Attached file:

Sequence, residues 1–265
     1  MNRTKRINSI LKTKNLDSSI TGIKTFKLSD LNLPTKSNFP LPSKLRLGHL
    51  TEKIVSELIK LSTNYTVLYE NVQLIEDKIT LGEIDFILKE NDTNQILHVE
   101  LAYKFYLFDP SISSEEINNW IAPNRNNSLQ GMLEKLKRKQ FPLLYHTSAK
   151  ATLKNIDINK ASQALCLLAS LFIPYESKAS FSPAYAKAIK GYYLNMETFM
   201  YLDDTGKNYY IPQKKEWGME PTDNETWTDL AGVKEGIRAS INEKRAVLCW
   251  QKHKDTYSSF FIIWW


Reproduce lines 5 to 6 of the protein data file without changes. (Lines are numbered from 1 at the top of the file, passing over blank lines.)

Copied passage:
   151  ATLKNIDINK ASQALCLLAS LFIPYESKAS FSPAYAKAIK GYYLNMETFM
   201  YLDDTGKNYY IPQKKEWGME PTDNETWTDL AGVKEGIRAS INEKRAVLCW